But what exactly is the aim of such an approach to biographies, you might ask? Well, I think for Heuer the main aims are to reveal the historically suppressed truth about Gross, forge a psycho-social path to emancipation and, perhaps most ambitiously of all, to facilitate the redemption of ‘wrongdoers’. In this respect wrongdoers refer to figures such as Freud, Jung and Hans Gross (Otto’s father) who were directly implicated in suppressing the contribution of Gross. Inspired by the South African Truth and Reconciliation Commission, Heuer seeks a retroactive bringing together of these men “for a trans-historic redemptive purpose” (p. 23), where the intention is healing rather than punishment. Having sketched the contours of his methodology, Heuer spends the next two chapters informing the reader about Gross’s ideas and practice.

— “He is an anarchist, too, in the most serious pathological sense.”
(Anon., quoted p. 120)

Chapters three and four chart the complex web of psychoanalysis, politics and philosophy Gross weaved for the rest of us to decipher. At a time when most psychoanalysts restricted investigation to the intra-psychological plane of existence, Gross deliberately expanded the purview to include the inter- and extra-psychological dimensions as well. Like Reich and Fromm after him, Gross was determined to narrate a multi-faceted story. In theoretical terms, Gross strove to overcome the ‘will to power’ with the ‘will to relating’. In practice this meant a more egalitarian therapeutic alliance and experiments with group therapy years before Bion formulated his ideas (p. 54).

However, unlike Reich and Fromm, he found inspiration for his interrelational psychoanalysis not in Marx but Kropotkin; especially the latter’s theory of ‘mutual aid’ (p. 63). It was through mutual aid that revolutionaries change society and just as significantly, change themselves since all previous revolutions “foundered because the revolutionary … had been carrying … [the authoritarian structure] within himself” (Gross, quoted on p. 36). Gross’s take on anarchism was also deeply influenced by Proudhon, Stirner, Rousseau, Fourier and Nietzsche.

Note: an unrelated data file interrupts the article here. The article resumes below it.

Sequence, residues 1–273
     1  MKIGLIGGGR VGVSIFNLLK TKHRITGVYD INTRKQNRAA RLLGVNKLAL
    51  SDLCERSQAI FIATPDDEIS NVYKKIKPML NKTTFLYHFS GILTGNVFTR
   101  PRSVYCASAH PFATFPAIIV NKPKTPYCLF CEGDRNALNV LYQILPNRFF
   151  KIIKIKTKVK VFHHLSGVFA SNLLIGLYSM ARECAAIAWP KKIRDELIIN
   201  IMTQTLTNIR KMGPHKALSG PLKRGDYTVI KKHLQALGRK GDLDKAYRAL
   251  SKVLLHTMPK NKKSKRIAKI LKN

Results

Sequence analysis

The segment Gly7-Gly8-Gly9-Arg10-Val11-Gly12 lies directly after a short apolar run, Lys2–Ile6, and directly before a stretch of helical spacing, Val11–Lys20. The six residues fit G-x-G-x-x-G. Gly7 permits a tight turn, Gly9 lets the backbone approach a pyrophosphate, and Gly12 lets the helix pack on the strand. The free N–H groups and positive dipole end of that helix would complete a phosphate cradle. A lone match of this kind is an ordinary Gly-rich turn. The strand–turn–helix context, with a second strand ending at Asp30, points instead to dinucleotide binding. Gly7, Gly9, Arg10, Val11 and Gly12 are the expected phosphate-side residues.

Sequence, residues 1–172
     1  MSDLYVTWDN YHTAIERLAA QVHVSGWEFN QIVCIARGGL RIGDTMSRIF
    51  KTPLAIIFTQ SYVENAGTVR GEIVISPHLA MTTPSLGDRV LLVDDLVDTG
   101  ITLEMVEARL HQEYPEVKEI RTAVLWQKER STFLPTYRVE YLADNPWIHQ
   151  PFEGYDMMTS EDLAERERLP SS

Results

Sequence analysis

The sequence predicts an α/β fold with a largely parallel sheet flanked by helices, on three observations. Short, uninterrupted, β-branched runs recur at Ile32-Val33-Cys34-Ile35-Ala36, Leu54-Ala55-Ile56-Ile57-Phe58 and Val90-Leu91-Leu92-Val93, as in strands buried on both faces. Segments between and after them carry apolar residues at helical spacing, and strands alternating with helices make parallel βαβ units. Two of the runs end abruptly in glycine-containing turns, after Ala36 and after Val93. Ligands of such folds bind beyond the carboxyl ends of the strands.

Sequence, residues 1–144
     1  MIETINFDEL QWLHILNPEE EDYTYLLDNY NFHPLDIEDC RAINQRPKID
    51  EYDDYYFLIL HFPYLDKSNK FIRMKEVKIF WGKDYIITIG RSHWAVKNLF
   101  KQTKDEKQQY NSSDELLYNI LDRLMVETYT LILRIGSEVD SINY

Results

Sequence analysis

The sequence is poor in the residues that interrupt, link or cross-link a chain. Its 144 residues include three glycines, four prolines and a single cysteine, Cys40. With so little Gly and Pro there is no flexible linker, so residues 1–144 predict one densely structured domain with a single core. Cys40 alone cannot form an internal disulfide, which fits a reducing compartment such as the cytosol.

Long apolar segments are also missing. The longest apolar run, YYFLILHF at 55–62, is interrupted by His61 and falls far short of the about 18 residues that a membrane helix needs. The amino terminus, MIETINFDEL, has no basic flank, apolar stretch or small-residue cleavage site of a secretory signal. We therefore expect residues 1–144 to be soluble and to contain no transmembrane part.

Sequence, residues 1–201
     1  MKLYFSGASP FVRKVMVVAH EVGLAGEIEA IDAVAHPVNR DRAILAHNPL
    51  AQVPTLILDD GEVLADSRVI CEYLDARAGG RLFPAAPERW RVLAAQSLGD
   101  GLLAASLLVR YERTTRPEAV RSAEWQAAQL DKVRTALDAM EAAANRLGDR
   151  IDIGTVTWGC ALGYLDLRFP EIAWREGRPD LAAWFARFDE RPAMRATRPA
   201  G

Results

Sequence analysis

Periodising a psychologist’s work is an exercise fraught with danger but as far as I can tell from Heuer’s book, Otto Gross began his short career partially influenced by a ‘biomedical’ paradigm. During this phase he was keen to achieve a linkage between Freud’s psychoanalytic theory and Kraepelin’s psychiatric concepts (p. 47). Gradually he garnered more social and psychological ideas until biomedical transformed into a ‘biopsychosocial’ paradigm. Later still he broke with the positivist and mechanical presuppositions of the biopsychosocial approach and embraced “an artistic and increasingly radically psycho-political orientation” (p. 60).
Heuer claims a number of firsts on behalf of Gross: it was Gross who first suggested that the ‘personal is political’ (p. 104); he is credited with formulating the notion of a ‘super-ego’ fourteen years before Freud (p. 71); and, he pioneered the notion of an ‘authoritarian personality’ before Reich and Adorno (p. 72); his ideas on ‘psychological types’ influenced Jung (p. 96); and, perhaps most importantly, Gross advocated the notion of ‘intersubjectivity’ (p. 96), which years later became a bedrock of so many strands of post-Freudianism.